According to Pet Product News, Bayer Animal Health aims to help lower the number of animals abused or killed in connection with domestic violence by raising awareness through its PAWS: Share the Story campaign. The campaign supports domestic violence survivors through the donation of $60,000 to three domestic violence shelters across the country that support pets involved in domestic abuse. According to Bayer’s research, almost half of abused women say they are unable to escape abusive living situations because they worry about what will happen to their pets should they leave, abusers use pets as pawns, and too few domestic violence shelters exist nationwide equipped to house and care for pets, resulting in survivors choosing between a life without their pet or a dangerous living situation for both. To learn more and watch a short video about Bayer Animal Health’s PAWS: Share the Story campaign, visit http://www.petandwomensafety.com.

Sharp increase in pets exposed to marijuana
According to the Washington Post, as more jurisdictions legalize marijuana, veterinarians across the country say they are seeing a sharp increase in cases of pets accidentally getting high. Tasty “edibles” such as muffins and cookies that people consume for a buzz are also appealing to animals, who can’t read warning labels, and, in the case of dogs, rarely stop at just one pot brownie. These incidents, which are rarely fatal, have driven a 330 percent increase over the past five years in calls about pets on pot to the Pet Poison Helpline, said Ahna Brutlag, a veterinary toxicologist who is associate director of the Minnesota-based animal poison control center. Two-thirds of the calls involve marijuana edibles, and nearly all involve dogs, she said. Veterinarians also cited examples of chihuahuas lapping up bong water, cats being exposed to vaping, and even rabbits, ferrets and birds getting accidentally stoned.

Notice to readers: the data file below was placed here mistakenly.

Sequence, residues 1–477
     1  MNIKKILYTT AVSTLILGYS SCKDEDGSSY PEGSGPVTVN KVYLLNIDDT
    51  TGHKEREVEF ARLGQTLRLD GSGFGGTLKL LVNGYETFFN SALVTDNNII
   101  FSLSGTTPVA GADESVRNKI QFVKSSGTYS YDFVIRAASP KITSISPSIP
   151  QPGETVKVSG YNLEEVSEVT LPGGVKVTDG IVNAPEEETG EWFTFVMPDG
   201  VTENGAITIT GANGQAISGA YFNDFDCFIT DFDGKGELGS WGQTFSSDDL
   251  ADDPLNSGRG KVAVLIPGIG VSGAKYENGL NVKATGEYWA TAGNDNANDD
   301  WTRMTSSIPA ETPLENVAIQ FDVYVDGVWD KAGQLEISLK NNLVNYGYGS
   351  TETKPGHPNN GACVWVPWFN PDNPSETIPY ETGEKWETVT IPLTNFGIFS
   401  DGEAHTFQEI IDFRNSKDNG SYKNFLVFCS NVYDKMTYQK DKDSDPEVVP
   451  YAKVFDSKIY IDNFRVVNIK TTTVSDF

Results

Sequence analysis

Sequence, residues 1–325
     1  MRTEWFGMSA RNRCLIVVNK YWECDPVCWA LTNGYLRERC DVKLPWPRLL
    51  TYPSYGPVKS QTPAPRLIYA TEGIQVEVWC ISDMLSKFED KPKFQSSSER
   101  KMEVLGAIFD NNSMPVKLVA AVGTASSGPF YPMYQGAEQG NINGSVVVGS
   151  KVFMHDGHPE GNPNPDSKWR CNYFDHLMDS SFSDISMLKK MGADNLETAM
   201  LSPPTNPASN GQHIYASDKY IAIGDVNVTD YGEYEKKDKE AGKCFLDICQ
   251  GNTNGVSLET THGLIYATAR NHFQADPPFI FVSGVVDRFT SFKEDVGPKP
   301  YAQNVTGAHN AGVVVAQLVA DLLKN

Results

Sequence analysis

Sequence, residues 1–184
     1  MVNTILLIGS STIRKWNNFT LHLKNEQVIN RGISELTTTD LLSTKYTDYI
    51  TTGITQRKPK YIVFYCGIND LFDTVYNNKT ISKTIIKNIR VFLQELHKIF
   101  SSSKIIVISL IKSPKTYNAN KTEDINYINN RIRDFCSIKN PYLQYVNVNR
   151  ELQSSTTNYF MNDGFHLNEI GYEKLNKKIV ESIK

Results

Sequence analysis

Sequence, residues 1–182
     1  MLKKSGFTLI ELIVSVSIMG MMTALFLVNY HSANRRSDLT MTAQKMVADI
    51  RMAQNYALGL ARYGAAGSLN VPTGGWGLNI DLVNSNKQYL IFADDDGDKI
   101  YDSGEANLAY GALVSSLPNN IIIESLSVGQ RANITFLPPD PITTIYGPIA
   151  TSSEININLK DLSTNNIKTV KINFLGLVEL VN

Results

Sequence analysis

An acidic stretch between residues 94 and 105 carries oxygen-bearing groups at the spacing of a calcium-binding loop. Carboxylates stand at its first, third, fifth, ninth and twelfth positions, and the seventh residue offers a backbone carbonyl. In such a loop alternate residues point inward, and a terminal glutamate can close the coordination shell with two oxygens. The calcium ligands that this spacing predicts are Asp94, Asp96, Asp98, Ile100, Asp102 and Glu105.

Pets in the workplace bring positives, but also issues to consider
A recent Chattanooga Times Free Press article examined the rising trend of pets being allowed in the workplace. A survey by the Society for Human Resources Management found that 7 percent of organizations allow pets in the workplace, though that may not reflect the practices of very small businesses that don’t have HR officers. At Badger Maps, owner Steve Benson’s Pomeranian mix, Foxy, seems to know when employees of the San Francisco app developer need some comfort. “They’re very intuitive,” Benson says of dogs. “They have the ability to recognize when someone’s stressed out.” For as many customers that may be charmed, some people are allergic or afraid – and might take their business elsewhere. So besides paying attention to permission from landlords and laws about having animals where food is being prepared, people need to consider how to accommodate uncomfortable staffers or clients. Rodney Alvarez, a human resources executive at Celtra, a video advertising company, says legal issues to consider include making sure the company's insurance covers any incidents like biting, and keeping animals well-behaved so they won't frighten visitors. Read the article at http://www.timesfreepress.com/news/life/entertainment/story/2016/oct/28/pets-work-may-help-atmosphere-bring-risks/394306/.

Experts create guidelines to help minimize possible disease spread in canine group settings